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I want to preface this question saying that I am very new to HF and just got my general license. I have only operated using 2m/70cm handhelds and am completely unfamiliar with antenna setup.

I recently acquired a Kenwood TS-930S transciever, around 100 feet of RG-58 coax, and a Hy-Gain AV-14AVQ vertical trap dipole.

My first question regards the transceiver. It has a ground terminal on the back, bot its power cord is also grounded. Should I assume that the chassis is grounded through the cord's ground pin? Should I build an additional plug with only a ground pin and attach the chassis terminal to that? Should I construct a bonding bus and attach the chassis terminal to that even though this is my only piece of equipment and there is nothing else to bond to? Should I run a long wire out of the house and install a second ground rod?

The second one is about the antenna. It did not come with a loading coil and I am wondering if it needs one.

The third one regards antenna grounding. The antenna manual says that all you need is a ground rod, but I have heard that using ground radials can be very helpful. If I do decide to use them, what band should they be optimized for? Should I put traps on the radials? Should I devise some sort of switch to switch between sets of radials? Do I even need these radials?

Thank you for reading this, as I am in need of help on these issues.

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  • $\begingroup$ There's probably too many questions here for this site's guidelines. But a new user gets a free pass. Welcome to this site! :-) $\endgroup$ Commented Mar 11 at 4:42

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Q1. My first question regards the transceiver. It has a ground terminal on the back, but its power cord is also grounded. Should I assume that the chassis is grounded through the cord's ground pin?

A1. Do nothing; the 3-wire AC power cord fulfilled the requirement. Adding anything will corrupt the electrical system, exposing you to equipment damage, malfunction, electrical shock, and fires. It is also guaranteed to generate noise and interference because you use a daisy-chained equipment ground.

Q2. The second one concerns the antenna. It did not come with a loading coil, and I wonder if it needs one.

A2. No, it came with the antenna. FWIW, it is not a dipole antenna; it is an unbalanced vertical antenna. Here is the description from Mississippi Finest Junk: "The AV-14AVQ 18-foot radiator has a loading coil at its base that allows precision antenna resonating."

Q3. Q4, and Q5. The antenna manual says all you need is a ground rod, but I have heard that using ground radials can be very helpful. If I decide to use them, what band should they be optimized for? Should I put traps on the radials? Should I devise some switch to switch between sets of radials? Do I even need these radials?

A ground rod is fine and is part of the lightning protection, but it does nothing for RF. The impedance is too high, and the coupling is purely inductive to dirt. You will want radials. How many and how long depends on your wallet. At a minimum, you will need a Radial Plate and enough 16 to 20 AWG wire to make 16 radials. 4 1/4 wave lengths radials for each of the 4 bands. Keep adding 16 radials until your wallet screams "bloody murderer."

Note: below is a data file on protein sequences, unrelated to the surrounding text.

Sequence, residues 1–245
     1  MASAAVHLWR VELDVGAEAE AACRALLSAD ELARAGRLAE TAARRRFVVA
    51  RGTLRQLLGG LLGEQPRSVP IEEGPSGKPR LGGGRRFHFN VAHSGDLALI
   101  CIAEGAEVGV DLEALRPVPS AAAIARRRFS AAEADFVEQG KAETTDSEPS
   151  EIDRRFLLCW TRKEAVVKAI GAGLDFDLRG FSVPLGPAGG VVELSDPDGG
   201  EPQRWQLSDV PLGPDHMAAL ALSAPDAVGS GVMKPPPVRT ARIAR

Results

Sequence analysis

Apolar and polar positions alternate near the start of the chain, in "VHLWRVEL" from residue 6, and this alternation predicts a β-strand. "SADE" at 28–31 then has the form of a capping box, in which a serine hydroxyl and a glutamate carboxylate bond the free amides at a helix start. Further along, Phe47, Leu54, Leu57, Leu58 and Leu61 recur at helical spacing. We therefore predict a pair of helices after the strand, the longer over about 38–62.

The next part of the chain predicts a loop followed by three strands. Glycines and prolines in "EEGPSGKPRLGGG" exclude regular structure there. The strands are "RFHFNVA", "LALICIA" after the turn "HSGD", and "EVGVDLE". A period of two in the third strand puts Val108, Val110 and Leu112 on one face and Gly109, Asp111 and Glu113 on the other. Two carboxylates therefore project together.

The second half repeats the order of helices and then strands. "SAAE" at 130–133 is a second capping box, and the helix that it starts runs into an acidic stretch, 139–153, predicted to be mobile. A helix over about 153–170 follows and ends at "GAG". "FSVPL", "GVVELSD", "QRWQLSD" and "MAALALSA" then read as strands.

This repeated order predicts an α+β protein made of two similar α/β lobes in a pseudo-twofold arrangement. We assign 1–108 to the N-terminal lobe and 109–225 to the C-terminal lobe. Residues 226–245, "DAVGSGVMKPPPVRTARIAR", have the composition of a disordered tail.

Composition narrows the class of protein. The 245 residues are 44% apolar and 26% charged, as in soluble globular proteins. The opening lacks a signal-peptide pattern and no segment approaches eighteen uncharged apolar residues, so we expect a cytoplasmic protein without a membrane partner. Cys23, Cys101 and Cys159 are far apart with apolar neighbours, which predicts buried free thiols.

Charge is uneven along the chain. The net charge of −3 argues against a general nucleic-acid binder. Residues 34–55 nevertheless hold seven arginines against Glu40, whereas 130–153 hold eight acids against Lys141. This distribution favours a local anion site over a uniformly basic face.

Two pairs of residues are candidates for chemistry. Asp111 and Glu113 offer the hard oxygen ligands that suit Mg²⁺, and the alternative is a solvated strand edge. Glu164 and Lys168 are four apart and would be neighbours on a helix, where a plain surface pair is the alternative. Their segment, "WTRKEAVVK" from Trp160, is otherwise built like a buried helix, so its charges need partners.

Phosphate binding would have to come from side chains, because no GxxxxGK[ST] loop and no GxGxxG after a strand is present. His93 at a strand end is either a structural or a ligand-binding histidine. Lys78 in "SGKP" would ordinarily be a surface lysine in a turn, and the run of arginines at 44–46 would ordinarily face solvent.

Lastly, do not take grounding advice from amateur. Most of it is outdated and dangerous, and based on 1950 house electrical codes, back when home electrical outlets had 2-wires and no ground. Very little of what a ham radio operator tells you will comply with any known electrical codes or best practices. If you pound a ground rod outside the shack and connect your station ground to it, it is guaranteed to generate noise and interference, placing your radio in a dangerous Ground Loop. Lightning does not have to strike your home or property to wipe you out. If lightning hits your neighbor's tree, it will wipe out your radio equipment, and your home wiring going to the radio, burning it up and possibly causing fire. If you are operating the radio, you are going to have a bad hair day the mortician cannot fix.

NEC article 810 covers all CB and Amateur radio wiring requirements. It is based on a Single-Point Ground, which all commercial radio operators use. Mike Holt is the leading authority on NEC electrical codes and education, and I worked for him. Mike and I wrote an illustrated guide on article 810 to help amateurs get through the BS Uncle Elmer laid down in the 50's.

Mike Holts Illustrated Guide to Article 810

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There are lots of grounding myths that just keep getting repeated over and over until people believe it.

As a result, they either suffer lightning damage to their equipment or their radiated signal is weaker.

Here is the definitive website about grounding.

https://www.w8ji.com/ground_systems.htm

Tom Rauch is a genius. He also has pages about antennas.

You can believe about anything you read there.


Should I run a long wire out of the house and install a second ground rod?

Not if you don't want lightning striking your pole outside to make a path through your house wiring to your new radio! The grounding point on the back is meant for bonding other equipment on your ham bench together. W8JI's website will explain why.

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